National Museum of American History/Abe Lincoln

My trip to D.C. earlier this not only allowed me a lovely visit with the First Ladies Dressses exhibition at the National Museum of American History, but also provided me with a unique opportunity to view an exhibit on Abe Lincoln. Additionally, the museum is peppered with important clothing related to historic persons or events.

From Abraham LIncoln: An Extraordinary Life:

Abe Lincoln’s Suit:

Mary Todd Lincoln’s Inaugration Gown, 1861–62. More information here.

Plaster cast of Lincoln’s face and hands:

Aside from the Lincoln exhibit, the museum had several other exhibits which included clothing or costumes. For example, the exhibit on The White House included this gown worn by Gracie Coolidge in the 1920s. I had no idea she was so stylish:

Another example is this dress, worn by a private citizen, Mrs. George Meem to a White House function sometime bween 1921 and 1929. It was designed by Julis Garfinckel & Co, “a fashionable department store in Washington, D.C.”

I do hope you enjoyed my brief tour of the new National Museum of American History from Washington, D.C. If you have a museum collection you’d like profiled on WT, please let us know.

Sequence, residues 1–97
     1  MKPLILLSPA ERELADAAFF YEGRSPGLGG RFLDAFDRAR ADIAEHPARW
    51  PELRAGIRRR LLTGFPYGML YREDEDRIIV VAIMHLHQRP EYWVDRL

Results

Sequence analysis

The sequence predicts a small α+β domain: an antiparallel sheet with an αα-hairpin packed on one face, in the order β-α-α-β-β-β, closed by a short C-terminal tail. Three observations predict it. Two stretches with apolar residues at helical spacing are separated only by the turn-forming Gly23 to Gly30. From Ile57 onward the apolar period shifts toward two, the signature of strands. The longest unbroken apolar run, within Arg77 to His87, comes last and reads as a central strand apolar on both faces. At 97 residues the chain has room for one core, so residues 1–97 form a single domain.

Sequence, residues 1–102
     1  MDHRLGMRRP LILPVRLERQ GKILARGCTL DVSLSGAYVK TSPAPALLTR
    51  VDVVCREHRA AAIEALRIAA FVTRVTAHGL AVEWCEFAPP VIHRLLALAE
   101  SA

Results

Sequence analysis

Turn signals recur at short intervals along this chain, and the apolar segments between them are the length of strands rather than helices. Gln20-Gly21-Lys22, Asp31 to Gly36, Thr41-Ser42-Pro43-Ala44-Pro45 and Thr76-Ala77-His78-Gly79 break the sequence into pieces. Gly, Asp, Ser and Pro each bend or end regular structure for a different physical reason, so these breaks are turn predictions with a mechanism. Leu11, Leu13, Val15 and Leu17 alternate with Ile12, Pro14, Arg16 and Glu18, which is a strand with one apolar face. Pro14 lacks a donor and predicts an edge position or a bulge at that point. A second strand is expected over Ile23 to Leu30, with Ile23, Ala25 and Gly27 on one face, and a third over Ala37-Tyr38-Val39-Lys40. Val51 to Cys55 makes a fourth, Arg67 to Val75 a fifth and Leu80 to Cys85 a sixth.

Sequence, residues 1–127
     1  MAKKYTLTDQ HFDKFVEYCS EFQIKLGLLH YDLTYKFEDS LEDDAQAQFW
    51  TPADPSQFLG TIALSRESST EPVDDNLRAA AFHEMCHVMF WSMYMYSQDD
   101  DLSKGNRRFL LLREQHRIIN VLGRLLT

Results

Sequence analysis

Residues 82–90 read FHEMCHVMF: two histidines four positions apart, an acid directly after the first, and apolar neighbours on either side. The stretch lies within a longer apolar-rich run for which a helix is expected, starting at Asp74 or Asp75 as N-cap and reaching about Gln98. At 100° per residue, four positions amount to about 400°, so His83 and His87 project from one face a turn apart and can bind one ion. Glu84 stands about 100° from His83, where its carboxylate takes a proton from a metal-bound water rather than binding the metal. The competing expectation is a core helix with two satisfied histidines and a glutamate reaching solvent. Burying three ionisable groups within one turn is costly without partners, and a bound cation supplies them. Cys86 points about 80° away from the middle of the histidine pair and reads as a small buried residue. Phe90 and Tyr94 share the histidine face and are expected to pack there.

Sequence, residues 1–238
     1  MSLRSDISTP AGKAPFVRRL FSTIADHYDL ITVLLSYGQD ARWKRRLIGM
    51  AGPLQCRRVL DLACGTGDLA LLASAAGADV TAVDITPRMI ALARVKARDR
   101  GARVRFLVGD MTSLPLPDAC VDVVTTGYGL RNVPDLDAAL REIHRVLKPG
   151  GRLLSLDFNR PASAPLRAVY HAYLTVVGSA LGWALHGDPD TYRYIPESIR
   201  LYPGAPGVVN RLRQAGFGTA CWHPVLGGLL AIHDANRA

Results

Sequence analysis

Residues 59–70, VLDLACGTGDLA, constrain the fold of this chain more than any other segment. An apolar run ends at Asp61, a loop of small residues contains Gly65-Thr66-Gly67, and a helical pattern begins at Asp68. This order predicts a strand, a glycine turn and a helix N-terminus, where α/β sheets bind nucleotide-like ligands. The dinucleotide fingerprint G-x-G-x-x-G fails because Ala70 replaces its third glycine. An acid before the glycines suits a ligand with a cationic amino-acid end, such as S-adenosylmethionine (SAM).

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4 Comments

  • Jim July 11, 2010 11.00 pm

    Does any one know what the extent of Lincolns wardrobe was at the time of his death????

     
  • James July 17, 2010 05.06 am

    Jim, you might want to contact Ford’s Theater in Washington, D.C. They have the outfit he wore when assasinated, but I think it’s a replica. Nonetheless, they would know.

     
  • DJ December 13, 2010 12.18 am

    The purple gown pictured above is not Mary Lincoln’s inaugural gown. It is just a gown worn by MTL. Mrs. Lincoln’s two inaugural gowns are not part of the Smithsonian collection.

     
  • Heather Vaughan December 13, 2010 02.52 pm

    DJ – you are absolutely right. I’ve amended the post with the appropriate attribution. According to the Smithsonian’s website, “Mary Lincoln’s purple velvet skirt and daytime bodice are believed to have been made by African American dressmaker Elizabeth Keckly. The first lady wore the gown during the Washington winter social season in 1861–62.” More information can be found here: http://americanhistory.si.edu/exhibitions/small_exhibition.cfm?key=1267&exkey=696&pagekey=710

     

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